Monday, January 29, 2007


“Most Greek children never went to school at all. Girls, to begin with, always stayed with their mothers until they were married, either at home or working in the fields. Slaves, whether boys or girls, also could not go to school, and many children in ancient Athens and Corinth and other Greek cities were slaves. Any boy who was poor, even if he was free, also could not go to school: his family could not afford to pay the teacher, and besides they needed the boy's work at home. There were no public schools.”
The above is a paragraph I wrote at the age of thirteen, to justify to my mother that as the institution of Saturday Greek Schools had no precedent within our ancient past, they were a foreign inclusion and thus, should be extirpated from our usages. Needless to say, my mother, who in her younger days desperately wanted to (and still does) find a decent oil reproduction of the famous painting by Gyzis: «Κρυφό Σχολειό» and hang it in our living room, was far from convinced.
The truth was that a large amount of social conditioning and brainwashing took place in order to make me appreciate Greek school. At the age of three, my grandmother would sing «Φεγγαράκι μου λαμπρό, φέγγε μου να περπατώ, να πηγαίνω στο σχολειό, να μαθαίνω γράμματα...» whereas my grandfather would sing Zambetas’ hit: « Ο πιο καλός ο μαθητής.» This caused me to believe as we set off on my first day of Greek school, that the said school would be conducted on the moon or at least in moonlight and somehow involve hide and seek, which I was particularly good at. Thus, I was inordinately disappointed to learn when I finally arrived, that I was not in the Sea of Tranquility but in Ascot Vale. I was pleased however to discover that hide and seek as well as tiggy seemed to be the first lesson of the day as our hapless teacher, κυρία Γεωργία attempted to round us up and herd us into class in the expert way that only a person who has grazed goats in Greece knows how. This may possibly have involved the throwing of stones at our legs and a ear-drum shattering, sound-barrier piercing whistle, but I am conscious of the fact that this memory has somehow merged itself with an early memory of watching «Ταμτάκος» movies hired from “Stavros Video” with my father and thus, is probably unreliable.
In those early times, the aim was not only to teach the Greek language but to also recreate the cultural experience of Greek schooling, at least the way it was in the sixties and seventies. An icon of Παναγία holding the infant Jesus hung above the blackboard in each classroom. Every so often, our teacher would look up imploringly at her. At first we believed that she was seeking divine assistance in order to pacify an unruly class. Later, we surmised that her look was one of defeat and sympathy à la: “Kids are so much trouble. You would know, you have one of your own.” A map of Greece hung at the rear of the room and during recess we would find our parents’ villages or at least the nearest town pertaining thereto and have arguments of inordinate length about which geographical region was better. One meek and mild child by the name of Neophytos surprised us all when, teased that his place of origin, Cyprus, was inferior because it wasn’t even shown on the map properly and what is more, it was for girls because it was shaded pink, wrenched the said map from the wall and smashed it on the class bully’s head. That classroom, which no longer exists, also marks the location of my very first personal revolution against the establishment. Learning after a punishing year of memorization that the polytonic system of accenting Greek was to be scrapped in favour of the current, simpler monotonic, I refused to accept this and despite the injunctions of my exasperated and ideologically inspired teachers, have continued to wield the polytonic ever since.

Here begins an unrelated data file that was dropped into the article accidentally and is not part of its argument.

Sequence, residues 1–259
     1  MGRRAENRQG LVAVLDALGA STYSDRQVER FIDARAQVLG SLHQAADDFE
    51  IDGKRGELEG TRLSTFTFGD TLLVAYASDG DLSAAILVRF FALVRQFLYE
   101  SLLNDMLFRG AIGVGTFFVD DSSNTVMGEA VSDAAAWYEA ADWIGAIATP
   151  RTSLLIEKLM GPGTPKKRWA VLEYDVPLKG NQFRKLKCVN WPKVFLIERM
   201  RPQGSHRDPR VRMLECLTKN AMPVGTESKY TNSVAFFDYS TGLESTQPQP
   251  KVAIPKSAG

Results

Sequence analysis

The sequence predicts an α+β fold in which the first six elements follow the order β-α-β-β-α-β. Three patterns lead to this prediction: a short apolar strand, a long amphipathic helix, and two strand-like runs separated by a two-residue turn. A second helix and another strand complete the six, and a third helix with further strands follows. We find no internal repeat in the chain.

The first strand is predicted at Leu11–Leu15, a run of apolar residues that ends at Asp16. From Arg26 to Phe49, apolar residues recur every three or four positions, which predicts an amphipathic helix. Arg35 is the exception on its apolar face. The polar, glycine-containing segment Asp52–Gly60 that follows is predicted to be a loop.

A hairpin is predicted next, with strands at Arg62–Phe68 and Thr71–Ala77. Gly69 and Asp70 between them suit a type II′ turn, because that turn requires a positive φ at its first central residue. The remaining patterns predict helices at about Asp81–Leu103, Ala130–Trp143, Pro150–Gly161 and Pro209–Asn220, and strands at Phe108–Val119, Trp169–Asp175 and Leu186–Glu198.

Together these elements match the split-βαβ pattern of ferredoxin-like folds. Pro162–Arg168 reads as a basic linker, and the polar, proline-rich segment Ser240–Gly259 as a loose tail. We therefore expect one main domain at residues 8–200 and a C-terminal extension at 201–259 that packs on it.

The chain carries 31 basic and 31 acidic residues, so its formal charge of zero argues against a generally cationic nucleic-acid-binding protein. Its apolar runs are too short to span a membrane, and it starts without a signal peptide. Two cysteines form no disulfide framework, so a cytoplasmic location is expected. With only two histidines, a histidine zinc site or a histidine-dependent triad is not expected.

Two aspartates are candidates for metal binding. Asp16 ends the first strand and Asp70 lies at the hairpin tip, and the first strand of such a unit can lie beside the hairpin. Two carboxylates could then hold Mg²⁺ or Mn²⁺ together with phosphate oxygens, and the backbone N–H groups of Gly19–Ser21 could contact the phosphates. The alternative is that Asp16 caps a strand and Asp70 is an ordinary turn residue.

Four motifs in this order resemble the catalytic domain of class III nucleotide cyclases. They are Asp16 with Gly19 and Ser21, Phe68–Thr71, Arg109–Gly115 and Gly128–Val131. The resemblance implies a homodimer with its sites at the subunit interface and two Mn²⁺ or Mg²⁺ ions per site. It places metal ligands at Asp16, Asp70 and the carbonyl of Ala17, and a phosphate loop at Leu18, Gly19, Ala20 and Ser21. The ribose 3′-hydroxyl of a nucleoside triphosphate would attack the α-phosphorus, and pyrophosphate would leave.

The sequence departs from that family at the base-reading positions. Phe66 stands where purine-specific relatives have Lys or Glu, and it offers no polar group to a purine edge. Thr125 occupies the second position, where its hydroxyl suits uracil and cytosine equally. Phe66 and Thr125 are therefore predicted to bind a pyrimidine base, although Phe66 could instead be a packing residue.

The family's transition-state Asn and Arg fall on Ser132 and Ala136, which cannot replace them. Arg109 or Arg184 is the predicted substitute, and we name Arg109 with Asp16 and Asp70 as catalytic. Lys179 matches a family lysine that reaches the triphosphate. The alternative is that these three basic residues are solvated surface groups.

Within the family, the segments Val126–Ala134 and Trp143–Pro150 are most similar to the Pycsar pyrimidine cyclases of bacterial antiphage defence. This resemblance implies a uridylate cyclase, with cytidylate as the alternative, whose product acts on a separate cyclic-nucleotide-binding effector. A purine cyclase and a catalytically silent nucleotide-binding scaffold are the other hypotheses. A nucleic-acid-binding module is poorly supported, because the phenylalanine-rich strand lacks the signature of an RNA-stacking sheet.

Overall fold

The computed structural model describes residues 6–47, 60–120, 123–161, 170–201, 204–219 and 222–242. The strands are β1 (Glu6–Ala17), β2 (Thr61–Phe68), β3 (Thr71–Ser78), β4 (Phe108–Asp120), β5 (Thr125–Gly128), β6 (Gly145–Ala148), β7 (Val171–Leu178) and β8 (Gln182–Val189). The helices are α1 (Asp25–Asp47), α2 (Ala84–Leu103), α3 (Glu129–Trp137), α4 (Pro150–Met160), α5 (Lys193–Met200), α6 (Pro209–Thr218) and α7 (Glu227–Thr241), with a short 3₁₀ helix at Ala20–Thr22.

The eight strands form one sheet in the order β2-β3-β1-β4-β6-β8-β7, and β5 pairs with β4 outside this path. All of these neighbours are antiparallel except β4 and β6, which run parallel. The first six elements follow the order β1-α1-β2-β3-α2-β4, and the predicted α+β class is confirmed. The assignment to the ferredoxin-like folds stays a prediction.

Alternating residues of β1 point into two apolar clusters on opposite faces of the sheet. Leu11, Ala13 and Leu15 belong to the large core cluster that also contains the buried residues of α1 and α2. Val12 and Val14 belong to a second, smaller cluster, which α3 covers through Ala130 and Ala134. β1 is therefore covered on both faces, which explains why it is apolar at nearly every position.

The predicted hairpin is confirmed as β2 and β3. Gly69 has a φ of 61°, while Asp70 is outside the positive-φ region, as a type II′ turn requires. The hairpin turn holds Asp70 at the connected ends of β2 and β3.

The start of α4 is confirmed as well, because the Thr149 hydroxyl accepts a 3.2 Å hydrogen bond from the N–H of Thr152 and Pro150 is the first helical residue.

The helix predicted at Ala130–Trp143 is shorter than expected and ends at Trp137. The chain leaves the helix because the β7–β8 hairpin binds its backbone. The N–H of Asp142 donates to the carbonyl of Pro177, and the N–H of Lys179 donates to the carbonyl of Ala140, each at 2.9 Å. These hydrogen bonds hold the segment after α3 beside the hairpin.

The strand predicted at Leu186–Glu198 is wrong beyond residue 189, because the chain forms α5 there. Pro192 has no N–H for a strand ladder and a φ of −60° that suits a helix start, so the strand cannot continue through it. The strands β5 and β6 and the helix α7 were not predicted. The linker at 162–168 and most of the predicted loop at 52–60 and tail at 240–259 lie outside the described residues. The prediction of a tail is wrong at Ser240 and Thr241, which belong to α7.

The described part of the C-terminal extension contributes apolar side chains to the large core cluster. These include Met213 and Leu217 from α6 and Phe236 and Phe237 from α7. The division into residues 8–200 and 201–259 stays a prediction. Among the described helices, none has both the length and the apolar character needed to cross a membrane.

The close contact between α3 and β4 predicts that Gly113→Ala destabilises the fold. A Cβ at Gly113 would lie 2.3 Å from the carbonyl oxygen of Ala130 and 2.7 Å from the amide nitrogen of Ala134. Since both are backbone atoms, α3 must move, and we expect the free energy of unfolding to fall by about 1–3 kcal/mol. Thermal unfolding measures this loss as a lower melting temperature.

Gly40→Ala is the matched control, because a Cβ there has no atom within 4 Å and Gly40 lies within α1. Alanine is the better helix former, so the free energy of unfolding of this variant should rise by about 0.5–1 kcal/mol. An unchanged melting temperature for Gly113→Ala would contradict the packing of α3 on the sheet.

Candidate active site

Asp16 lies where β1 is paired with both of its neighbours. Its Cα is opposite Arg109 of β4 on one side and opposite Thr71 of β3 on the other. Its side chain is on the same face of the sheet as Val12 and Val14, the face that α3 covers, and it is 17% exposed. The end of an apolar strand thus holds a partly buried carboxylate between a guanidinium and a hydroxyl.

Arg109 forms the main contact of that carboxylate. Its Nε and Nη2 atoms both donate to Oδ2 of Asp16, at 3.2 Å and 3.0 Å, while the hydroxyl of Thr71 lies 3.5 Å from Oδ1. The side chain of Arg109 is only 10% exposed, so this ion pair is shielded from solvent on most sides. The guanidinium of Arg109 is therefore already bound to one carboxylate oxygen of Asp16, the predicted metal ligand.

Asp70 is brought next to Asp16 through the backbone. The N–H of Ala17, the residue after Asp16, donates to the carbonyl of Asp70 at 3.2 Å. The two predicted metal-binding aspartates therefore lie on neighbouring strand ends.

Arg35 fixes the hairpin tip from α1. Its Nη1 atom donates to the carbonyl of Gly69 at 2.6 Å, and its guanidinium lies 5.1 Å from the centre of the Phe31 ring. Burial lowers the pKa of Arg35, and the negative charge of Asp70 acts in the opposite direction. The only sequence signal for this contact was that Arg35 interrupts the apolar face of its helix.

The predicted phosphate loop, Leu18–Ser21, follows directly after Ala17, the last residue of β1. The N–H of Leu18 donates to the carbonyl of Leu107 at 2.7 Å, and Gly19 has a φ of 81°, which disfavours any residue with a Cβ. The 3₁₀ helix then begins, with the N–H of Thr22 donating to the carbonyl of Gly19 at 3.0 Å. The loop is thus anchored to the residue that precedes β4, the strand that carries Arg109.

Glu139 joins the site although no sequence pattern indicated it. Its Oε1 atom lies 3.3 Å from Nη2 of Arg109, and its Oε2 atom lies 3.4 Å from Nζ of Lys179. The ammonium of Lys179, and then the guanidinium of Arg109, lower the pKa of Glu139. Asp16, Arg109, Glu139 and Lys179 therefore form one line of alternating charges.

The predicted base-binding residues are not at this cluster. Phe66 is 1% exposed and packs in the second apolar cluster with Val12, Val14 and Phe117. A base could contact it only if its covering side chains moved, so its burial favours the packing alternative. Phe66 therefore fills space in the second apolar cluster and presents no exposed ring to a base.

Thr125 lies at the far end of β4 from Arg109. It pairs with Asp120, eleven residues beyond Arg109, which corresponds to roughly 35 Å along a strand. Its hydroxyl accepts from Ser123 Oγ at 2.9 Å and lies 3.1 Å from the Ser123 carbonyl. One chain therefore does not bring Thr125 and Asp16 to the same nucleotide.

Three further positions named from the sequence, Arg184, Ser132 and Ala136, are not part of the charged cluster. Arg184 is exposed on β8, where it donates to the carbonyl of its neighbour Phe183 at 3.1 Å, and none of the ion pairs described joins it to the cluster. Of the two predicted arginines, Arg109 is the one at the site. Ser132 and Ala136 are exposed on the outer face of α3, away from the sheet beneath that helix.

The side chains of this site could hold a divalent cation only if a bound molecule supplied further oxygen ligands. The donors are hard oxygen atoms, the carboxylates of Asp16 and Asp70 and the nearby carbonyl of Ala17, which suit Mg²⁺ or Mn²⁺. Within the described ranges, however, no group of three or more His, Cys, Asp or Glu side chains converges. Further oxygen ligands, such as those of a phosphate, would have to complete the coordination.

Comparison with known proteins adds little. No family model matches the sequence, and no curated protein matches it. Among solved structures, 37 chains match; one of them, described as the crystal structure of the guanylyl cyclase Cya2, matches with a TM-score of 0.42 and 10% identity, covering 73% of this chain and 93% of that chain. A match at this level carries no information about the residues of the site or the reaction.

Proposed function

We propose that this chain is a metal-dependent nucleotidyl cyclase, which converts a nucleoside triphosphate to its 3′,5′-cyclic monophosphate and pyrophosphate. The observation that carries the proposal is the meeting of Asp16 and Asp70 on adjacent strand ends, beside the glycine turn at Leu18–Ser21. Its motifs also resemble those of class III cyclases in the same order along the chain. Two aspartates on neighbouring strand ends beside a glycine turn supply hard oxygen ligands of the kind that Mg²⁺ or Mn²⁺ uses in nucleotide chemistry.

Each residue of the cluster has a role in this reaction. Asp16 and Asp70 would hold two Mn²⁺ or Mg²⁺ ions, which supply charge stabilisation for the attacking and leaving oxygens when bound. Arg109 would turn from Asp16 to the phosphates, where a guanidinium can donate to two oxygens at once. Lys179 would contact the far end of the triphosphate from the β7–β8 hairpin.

Corporal punishment, the recipient of which I was only once, when the whole class was smacked for breaking into the toilets and throwing all the toilet paper out of the window, was considered to be a badge of honour and stories of beatings would filter down the hallway into all the classrooms and drown in terrified silence as we heard the Teutonic steps of our first headmaster, a man whose eyebrows defied the laws of physics, crunching his way into his office. Despite the high jinks and escapades, woe betide any student who did not complete the prescribed homework. In those days, Greek school was considered the exact equivalent of “English school” and possibly as even more significant.
Greek school people remain with you all your life. A person that perennially comes to mind is “Koulouri Man,” a middle aged gentlemen who would materialize out of nowhere each recess and lunchtime and satisfy our huger and hyperactivity through the purveyance of steaming, melt in your mouth koulouria. His worldly manifestation at the times requisite would be invariably accompanied by distant cries of “It’s Koulouri Man,” and everyone would flood out of their classrooms, enveloping the corridor in a sea of Hellenic hunger. Hence, there was never any need for a school bell.
“Crunchy Man,” is another Greek school person indelibly etched into my memory. This student had the largest and brightest set of teeth I had and even to this day have, ever seen. Despite our teacher’s best efforts, he was particularly fond of Crunchy bars and would not stop munching on them during the lesson. One Saturday, our principal, an incredibly tall and stately but also terrifying man strode in to our classroom and began to berate us about some misdemeanour. The ensuing ominous silence, a prelude to punishment, was only broken when Crunchy Man reached into his bag, unwrapped a bar of his favourite snack and offering it to the principal, asked: «Κύριε, you want a Crunchy?”